HIMSS has issued its June Healthcare and Cross-Sector Cybersecurity Statement in which healthcare companies are warned about the danger of abuse of weaknesses in application program writing interfaces, man-in-the-middle attacks, cookie meddling, and distributed denial of service (DDoS) attacks. Healthcare companies have also been suggested to be vigilant to the likelihood of USB appliances being used to gain access to secluded systems and the rise in the use of Unicode characters to create fake domains for use in phishing attacks.
API Attacks Might Be the Following Big Attack Vector
Perimeter fortifications are improving, making it tougher for cybercriminals to gain access to healthcare systems. Nevertheless, substitute possibilities are being searched by hackers searching for an easier way to gain access to confidential data. Weaknesses in APIs might be a weak point and numerous cybersecurity specialists think APIs might well prove to be the next largest cyber-attack vector.
API use in application development has become the custom, in any case, it is easier to use a third-party solution than to develop a solution from scratch. APIs let healthcare companies assimilate third-party facilities. A study by One-Poll indicates that on average, companies are handling 363 different APIs and two-thirds of companies disclose the APIs to the public or their partners. As with any software solution, if weaknesses exist, it is only a matter of time before they are abused.
Torsten George at Security Week has described a number of methods that APIs can be abused to gain access to confidential data.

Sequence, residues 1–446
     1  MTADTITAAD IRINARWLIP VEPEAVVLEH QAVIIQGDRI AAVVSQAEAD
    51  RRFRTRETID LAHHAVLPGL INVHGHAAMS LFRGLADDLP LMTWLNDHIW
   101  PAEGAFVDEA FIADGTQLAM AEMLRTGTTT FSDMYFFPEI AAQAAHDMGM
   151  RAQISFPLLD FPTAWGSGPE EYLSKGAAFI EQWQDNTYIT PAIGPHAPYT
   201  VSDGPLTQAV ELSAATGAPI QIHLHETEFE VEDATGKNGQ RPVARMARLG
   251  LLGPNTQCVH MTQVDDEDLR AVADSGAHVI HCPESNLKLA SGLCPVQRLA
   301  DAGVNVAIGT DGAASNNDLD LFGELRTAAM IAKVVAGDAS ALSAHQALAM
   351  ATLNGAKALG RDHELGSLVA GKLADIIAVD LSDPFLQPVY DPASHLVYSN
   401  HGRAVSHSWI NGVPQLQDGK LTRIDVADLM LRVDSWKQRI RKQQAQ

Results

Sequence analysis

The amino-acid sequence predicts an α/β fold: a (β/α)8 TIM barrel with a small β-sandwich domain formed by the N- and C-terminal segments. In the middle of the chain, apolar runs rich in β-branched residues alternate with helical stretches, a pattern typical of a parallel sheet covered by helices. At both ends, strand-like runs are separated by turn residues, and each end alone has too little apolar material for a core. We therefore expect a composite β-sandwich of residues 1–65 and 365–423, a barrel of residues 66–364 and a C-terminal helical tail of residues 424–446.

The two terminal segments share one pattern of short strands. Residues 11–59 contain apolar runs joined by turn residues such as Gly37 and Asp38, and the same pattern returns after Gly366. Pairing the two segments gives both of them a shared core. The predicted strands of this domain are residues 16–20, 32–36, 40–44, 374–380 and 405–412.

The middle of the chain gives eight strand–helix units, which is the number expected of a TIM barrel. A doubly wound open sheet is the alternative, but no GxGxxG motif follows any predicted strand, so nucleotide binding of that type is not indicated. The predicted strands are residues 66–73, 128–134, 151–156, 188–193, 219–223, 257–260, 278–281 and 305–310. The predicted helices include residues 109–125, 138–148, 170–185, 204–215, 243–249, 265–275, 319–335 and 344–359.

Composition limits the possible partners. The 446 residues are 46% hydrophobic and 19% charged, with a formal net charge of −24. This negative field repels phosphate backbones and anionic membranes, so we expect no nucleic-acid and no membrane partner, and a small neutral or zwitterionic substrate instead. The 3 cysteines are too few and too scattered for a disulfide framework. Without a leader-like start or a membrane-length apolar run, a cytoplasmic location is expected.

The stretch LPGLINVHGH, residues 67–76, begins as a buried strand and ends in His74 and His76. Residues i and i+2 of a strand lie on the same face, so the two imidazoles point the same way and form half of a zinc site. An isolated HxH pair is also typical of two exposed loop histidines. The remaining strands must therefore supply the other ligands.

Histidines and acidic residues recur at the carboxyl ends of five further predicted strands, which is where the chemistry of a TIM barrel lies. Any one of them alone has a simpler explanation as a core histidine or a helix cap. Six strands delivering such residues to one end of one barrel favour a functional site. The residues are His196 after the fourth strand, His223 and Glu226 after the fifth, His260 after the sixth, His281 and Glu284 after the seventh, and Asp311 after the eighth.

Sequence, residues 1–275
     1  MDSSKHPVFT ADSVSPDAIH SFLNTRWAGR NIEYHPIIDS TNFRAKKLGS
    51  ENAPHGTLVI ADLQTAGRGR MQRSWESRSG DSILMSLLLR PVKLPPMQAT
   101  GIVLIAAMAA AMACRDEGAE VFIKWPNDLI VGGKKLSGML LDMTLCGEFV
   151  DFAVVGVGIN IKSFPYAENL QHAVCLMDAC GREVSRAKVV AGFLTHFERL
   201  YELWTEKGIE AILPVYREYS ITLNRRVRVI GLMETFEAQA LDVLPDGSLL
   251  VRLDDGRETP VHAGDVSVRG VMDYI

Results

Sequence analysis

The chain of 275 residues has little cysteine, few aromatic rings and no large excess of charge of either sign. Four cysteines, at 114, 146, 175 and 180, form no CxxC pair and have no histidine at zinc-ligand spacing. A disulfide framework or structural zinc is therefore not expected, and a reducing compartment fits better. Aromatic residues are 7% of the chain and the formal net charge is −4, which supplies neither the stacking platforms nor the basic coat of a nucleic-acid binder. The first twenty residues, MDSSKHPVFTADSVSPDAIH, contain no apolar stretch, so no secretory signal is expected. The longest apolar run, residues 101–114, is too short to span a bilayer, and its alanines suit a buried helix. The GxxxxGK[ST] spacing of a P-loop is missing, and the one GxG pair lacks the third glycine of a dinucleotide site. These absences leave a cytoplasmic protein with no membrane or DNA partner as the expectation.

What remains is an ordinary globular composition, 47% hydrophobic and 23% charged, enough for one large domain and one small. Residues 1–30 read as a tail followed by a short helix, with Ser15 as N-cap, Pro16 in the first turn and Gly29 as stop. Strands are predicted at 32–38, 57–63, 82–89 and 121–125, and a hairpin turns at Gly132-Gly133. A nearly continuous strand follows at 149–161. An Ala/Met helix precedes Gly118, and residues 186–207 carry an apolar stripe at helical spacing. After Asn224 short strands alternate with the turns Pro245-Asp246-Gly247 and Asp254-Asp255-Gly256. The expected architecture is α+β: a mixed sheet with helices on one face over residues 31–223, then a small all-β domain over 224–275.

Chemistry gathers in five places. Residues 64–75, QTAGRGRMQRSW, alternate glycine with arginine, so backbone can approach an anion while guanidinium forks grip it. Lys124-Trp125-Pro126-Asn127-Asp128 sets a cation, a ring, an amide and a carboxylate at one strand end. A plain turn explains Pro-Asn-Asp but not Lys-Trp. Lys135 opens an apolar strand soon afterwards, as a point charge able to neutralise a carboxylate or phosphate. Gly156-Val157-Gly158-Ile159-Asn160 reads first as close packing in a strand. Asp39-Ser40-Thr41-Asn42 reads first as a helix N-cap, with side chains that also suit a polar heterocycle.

Unicode Characters Used in Persuading Impersonation Attacks
The capability to include Unicode characters in domain names is letting cybercriminals to simply create highly persuading domains using homographs. These domains can be almost identical to the actual domain to the casual eye, making them ideal for use in phishing attacks. Instances include the use of the Cyrillic small letter a in place of a customary a, or the use of the Latin small letter iota or the Latin small letter dotless i, in lieu of an i. Farsight Security has issued a useful report on the matter in its Global Internationalized Domain Name Homograph Report.
New USB-Based Attack Technique Known
A new attack technique has been detailed by Eleven Paths on the exploitation of concealed networks created by USB appliances. This attack technique might allow access to be gained to secluded computers not linked to the Internet. Simply separating a computer from Wi-Fi or not linking the appliance to a network via an Ethernet cable might not be enough to avoid a malevolent actor from gaining access to the appliance and confidential data, as was shown by the infection of a secluded computer with Stuxnet malware at a Nuclear power plant.